Category: security

Human, All Too Human

New security vulnerability! As seen on Bruce Schneier's Blog: Human's aren't secure. Ha!

Link to story

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Tools Roundup

Tools, tools and more tools for the codemonkey! Here's a little summary of some of the tools I've been using lately.

SCM and Web Tools:

  • ViewCvs: We all love doing "cvs log file.C | more" and then "cvs diff -r1.12 -r1.13 file.C", but I admit that it's really nice to be able to browse the history of your project online. Viewcvs works with cvs and subversion and is used by no less an authority than sourceforge.net.
  • Enscript: I discovered this as it is used by viewcvs to syntax highlight and color code for online viewing. I tend to use it like "encript --language=html --highlight --color=1 -t 'Logger.C' -p Logger.html Logger.C".
  • eSVN: a really nice looking GUI frontend for subversion.
  • GraphViv defines a little language for describing graphs (DAG's and the like). There are utilities for converting the descriptions to beautiful images. See the gallery for examples. GraphViz is so pretty I'll be on the lookout for interesting datasets just so I can graph them.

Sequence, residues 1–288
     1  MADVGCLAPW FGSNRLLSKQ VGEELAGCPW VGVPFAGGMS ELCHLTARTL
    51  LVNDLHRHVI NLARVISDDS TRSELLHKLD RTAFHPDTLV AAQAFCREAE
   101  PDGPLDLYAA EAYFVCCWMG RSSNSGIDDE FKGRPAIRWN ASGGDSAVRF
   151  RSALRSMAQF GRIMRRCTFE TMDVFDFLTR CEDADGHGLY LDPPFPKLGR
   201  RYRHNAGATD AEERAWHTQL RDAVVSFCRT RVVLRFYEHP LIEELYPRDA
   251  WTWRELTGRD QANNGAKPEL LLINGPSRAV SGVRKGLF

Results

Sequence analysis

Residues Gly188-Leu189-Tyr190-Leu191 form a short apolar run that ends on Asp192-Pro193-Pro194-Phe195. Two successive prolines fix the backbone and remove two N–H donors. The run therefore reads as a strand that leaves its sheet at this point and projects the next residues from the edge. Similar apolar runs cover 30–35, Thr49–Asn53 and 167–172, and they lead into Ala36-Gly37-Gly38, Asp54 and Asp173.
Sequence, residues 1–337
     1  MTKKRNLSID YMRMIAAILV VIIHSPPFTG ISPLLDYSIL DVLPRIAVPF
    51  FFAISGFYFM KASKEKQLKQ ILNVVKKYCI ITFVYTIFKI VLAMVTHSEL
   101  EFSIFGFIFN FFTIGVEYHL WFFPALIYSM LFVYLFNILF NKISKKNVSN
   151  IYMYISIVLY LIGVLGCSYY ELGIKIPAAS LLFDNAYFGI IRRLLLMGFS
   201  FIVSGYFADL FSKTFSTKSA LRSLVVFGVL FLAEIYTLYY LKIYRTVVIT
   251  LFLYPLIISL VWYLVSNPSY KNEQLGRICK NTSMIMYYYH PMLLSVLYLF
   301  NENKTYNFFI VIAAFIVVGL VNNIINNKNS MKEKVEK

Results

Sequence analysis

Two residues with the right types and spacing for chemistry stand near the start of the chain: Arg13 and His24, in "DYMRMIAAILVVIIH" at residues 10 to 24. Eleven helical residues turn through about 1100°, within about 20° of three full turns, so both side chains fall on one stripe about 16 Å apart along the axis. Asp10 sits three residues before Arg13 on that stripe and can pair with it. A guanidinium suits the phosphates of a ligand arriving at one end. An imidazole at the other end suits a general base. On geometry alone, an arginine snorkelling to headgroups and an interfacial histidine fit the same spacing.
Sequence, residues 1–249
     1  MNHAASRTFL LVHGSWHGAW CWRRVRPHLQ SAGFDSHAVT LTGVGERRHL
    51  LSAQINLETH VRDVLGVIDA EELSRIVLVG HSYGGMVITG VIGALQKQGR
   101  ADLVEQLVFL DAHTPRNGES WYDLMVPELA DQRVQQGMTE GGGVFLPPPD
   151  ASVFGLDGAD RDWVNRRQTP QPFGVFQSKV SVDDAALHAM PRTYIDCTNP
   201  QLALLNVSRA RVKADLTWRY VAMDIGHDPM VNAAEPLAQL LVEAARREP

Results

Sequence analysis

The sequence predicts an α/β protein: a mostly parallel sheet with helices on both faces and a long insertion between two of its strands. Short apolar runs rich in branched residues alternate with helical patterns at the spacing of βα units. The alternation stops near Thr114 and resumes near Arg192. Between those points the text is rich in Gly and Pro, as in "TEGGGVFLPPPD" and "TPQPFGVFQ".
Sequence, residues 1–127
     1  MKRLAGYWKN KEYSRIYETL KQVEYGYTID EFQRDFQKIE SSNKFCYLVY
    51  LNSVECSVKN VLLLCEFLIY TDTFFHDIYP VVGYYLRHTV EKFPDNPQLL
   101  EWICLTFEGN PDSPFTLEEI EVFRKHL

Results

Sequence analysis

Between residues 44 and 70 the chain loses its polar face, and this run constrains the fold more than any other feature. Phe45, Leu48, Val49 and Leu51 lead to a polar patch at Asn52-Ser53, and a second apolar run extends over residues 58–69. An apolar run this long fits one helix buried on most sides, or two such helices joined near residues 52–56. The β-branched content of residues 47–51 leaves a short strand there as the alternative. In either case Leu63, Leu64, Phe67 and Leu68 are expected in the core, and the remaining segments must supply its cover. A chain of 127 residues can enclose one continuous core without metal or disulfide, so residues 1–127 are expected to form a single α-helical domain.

Code Auditing Tools:
  • Flawfinder and Splint are static program checkers that flag uses of "unsafe" functions (like strcpy). I wish the use of tools like this would become common during development.
  • http://www.daemonkitty.net/lurene/papers/Audit.pdf: OpenBSD continuously audits its codebase, fixing bugs. When a new bug, or class of bugs is found, the entire code base gets re-audited looking for other instances of the bug. There's wisdom in that! We all know about buffer overflows and string format bugs, but what else have the OpenBSD team been fixing? Certainly you could review the security patches they've issued, or watch the changes to the HEAD of their CVS repo. The paper above is a shortcut: it lists the major flaws found in OpenBSD software.

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